By Robert Docter, Editor-In-Chief
In a few days, we will reach the first Sunday after the first full moon after the vernal equinox. Then we will celebrate Christianity’s climatic event: Jesus’ victory over death. Easter is upon us, and with it comes spring and the dramatic display of the glory of new birth. The days grow brighter and our moods seem lighter. Resurrection Day approaches.
Along with Easter we have God’s reminder of the important linkage between those of us who worship a Jew whom we believe to be God’s chosen one—his Son, Messiah, the Christ— and Judaism itself.
A short time prior to Passover—perhaps the most significant of Jewish holy days—Jesus needed some vital information and surveyed his disciples. It was in Caesarea Philippi that he posed mankind’s most important question. He asked: “Who do people say the Son of Man is?”
The disciples mentioned most of the celebrated names in Jewish lore. Interrupting, Jesus asked again: “But what about you? Who do you say I am?”
Peter, a disciple not given to thoughtful rumination, answered quickly: “You are the Christ, the Son of the living God!” (Matt. 16:13-15).
Jesus had his answer. His key followers were ready. From that time on Jesus began to explain to his disciples that he must go to Jerusalem and suffer many things at the hands of the elders, chief priests and teachers of the law, and that he must be killed and on the third day be raised to life (Matt. 16:21).
Peter didn’t want to hear this and rebuked him: “Never Lord! This shall never happen to you!”
Jesus responded with equal emotion: “Get behind me, Satan! You are a stumbling block to me; you do not have in mind the things of God, but the things of men.
“If anyone would come after me, he must deny himself and take up his cross and follow me (Matt. 16:23, 24).
And with that, Jesus turned his face to Jerusalem and an unenviable future.
Jesus intended to arrive in Jerusalem in time to celebrate Passover, the ancient holiday prescribed by God as the final plague of Moses. This involved the death of all firstborn sons throughout Egypt and guaranteed that Pharaoh would release the Jews from captivity in Egypt. To escape the plague, Jews were told to kill a year-old lamb during the twilight of the 14th day of Nisan, the first month of the year. The Lord told them to take some of the blood of the lamb and spread it along the sides and top of the door frame in the house where they intended to eat the fire-roasted lamb along with unleavened bread and bitter herbs. While they ate, they were to be dressed for a fast exit with their cloaks tucked under their belts. The death angel would “pass over” their house when they saw the doorposts (Ex. 12:1-13). This escape from Egypt ended approximately 430 years of Hebrew captivity—the last 150 years in servitude and slavery.
Jesus arrived in Jerusalem on Sunday—the first day of the week—upon the back of a borrowed donkey. A crowd celebrated his arrival, shouting “Hosanna to the Son of David! Blessed is he who comes in the name of the Lord. Hosanna in the Highest.”
The whole city was excited and stirred. “Who is this? they wondered.
The crowd answered: “This is Jesus, the prophet, from Nazareth in Galilee.”
On Monday, Jesus made his presence known at the temple, where he found people buying and selling. He overturned the tables on which they had stacked their wares and the benches on which they sat. He said to them: “My house will be called a house of prayer, but you are making it a den of robbers.”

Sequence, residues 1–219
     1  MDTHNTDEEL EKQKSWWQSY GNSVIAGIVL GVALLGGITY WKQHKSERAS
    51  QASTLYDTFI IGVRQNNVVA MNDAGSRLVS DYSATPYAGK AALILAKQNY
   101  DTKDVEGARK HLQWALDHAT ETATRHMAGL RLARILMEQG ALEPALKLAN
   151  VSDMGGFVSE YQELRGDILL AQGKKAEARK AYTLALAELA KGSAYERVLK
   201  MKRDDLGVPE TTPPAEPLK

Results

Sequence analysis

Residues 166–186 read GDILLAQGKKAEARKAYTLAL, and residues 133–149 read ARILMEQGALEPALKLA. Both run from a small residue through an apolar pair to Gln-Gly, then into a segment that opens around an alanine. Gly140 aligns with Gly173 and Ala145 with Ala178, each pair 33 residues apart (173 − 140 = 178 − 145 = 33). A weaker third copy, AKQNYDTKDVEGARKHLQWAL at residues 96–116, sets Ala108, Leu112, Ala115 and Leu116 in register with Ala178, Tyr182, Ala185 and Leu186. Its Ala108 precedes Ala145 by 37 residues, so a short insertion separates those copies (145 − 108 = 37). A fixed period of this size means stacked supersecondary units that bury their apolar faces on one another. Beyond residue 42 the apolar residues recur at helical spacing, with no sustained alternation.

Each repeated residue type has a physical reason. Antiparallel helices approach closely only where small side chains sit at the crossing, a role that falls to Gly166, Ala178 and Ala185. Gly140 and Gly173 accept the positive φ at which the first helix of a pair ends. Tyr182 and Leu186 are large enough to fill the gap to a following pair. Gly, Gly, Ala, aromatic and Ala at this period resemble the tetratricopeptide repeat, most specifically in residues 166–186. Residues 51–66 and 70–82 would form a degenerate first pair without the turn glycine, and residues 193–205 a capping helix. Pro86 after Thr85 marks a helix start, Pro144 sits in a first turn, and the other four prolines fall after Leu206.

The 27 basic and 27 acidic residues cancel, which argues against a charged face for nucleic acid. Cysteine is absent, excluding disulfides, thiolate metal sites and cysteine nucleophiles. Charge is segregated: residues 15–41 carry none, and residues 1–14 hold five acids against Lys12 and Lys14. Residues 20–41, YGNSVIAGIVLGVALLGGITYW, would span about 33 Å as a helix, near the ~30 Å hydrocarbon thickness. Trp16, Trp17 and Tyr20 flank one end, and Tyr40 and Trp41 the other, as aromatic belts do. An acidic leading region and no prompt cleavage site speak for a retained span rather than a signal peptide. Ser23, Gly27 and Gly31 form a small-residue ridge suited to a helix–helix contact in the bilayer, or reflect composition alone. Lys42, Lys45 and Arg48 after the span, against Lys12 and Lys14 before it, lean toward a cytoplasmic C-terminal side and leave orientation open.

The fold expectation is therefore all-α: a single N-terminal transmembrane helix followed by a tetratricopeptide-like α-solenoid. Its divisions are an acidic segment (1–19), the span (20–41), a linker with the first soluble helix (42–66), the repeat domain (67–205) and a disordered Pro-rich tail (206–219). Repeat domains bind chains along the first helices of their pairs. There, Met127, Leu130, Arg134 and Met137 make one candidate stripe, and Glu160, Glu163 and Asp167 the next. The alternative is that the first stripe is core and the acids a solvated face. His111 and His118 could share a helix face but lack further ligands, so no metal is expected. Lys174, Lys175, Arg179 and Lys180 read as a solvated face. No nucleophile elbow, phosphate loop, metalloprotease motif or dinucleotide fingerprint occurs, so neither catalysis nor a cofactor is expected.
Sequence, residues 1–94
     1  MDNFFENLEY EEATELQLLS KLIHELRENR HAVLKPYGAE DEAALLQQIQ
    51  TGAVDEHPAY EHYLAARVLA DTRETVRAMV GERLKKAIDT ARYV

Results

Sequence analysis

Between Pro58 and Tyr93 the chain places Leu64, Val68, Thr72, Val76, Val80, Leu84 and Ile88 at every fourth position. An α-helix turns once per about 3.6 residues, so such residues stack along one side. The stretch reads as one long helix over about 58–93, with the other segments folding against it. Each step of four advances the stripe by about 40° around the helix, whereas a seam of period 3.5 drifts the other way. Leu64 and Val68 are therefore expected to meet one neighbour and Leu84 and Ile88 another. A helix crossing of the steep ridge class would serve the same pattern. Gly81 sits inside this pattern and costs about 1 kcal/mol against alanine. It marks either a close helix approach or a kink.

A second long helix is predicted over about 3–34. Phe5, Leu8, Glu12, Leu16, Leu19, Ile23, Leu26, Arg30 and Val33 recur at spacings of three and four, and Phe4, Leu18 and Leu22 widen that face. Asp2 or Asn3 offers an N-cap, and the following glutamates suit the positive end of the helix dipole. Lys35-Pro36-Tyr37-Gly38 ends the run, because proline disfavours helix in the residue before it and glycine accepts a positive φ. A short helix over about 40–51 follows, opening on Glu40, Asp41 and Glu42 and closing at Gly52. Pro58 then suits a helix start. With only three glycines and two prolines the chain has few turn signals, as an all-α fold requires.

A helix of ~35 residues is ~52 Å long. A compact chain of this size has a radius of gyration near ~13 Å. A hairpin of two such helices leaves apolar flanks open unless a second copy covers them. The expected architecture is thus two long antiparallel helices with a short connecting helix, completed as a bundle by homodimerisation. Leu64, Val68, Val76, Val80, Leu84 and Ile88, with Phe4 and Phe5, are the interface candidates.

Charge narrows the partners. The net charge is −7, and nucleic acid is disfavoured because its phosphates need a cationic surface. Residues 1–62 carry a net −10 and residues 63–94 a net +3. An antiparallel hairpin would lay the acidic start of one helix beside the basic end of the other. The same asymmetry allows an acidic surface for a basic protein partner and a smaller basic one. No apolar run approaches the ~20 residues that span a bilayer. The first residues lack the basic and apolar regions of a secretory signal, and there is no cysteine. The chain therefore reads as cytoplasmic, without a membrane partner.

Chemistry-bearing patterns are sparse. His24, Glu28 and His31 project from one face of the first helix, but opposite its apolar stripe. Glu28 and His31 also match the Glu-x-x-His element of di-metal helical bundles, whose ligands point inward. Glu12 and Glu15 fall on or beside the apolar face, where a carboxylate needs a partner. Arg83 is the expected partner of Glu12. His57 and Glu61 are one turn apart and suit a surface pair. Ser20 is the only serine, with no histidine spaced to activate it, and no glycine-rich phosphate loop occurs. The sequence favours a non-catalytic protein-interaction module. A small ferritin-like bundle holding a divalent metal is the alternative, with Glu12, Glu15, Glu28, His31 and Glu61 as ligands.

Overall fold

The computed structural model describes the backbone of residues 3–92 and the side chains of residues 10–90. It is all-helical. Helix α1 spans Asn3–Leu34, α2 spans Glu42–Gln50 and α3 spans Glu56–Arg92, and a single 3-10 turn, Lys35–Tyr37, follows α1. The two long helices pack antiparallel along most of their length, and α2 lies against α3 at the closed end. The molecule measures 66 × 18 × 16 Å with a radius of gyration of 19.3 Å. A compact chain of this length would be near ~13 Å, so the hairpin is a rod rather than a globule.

He stayed at the temple healing the blind and the lame, spending time with the children who shouted “Hosanna to the Son of David.” When confronted by the chief priests and the teachers, he displayed his intellectual acumen and silenced them.
Tuesday brought parables and controversy. Both the Sadducees and the Pharisees tried to trap him with a series of questions. Jesus mystified them with his superior knowledge of Scripture. He then directed the crowd that had gathered to obey the Pharisees, but not to emulate them.
Wednesday he rested, and on Thursday he celebrated the Passover meal with the disciples. Here, he gave new meaning to the Passover as he ministered to them in the role of servant, washing their feet, and consecrating the food and drink as symbols of his body and his blood by which they were to remember him. When we pray at meals we keep this covenant.
In a dramatic conclusion to the meal, he announced that one of them would betray him. Judas, the betrayer, quietly left the meal.
The disciples, with Jesus, then walked to the Garden of Gethsemane, where Jesus prayed in agony and validated his obedience to God.
As Thursday became Friday, Judas and a crowd of armed henchmen arrested Jesus and dragged him away to face multiple false trials, beatings at the hands of ignorant people, condemnation both by Herod and the Roman governor, Pilate, who, when confronted by an angry mob, sent him to be crucified at high noon the same day. The crucifixion took place on a hill called Golgotha, the place of the skull. As the sacrificial lambs were butchered for Passover meals, the sacrificial Lamb of God died on a cross.
Saturday, the Sabbath, brought hiding, grief, fear and rest for his followers. Then, with dawn of a beautiful Sunday, two women made their way to the tomb where they discovered it empty, and a risen Lord walked among them and us still.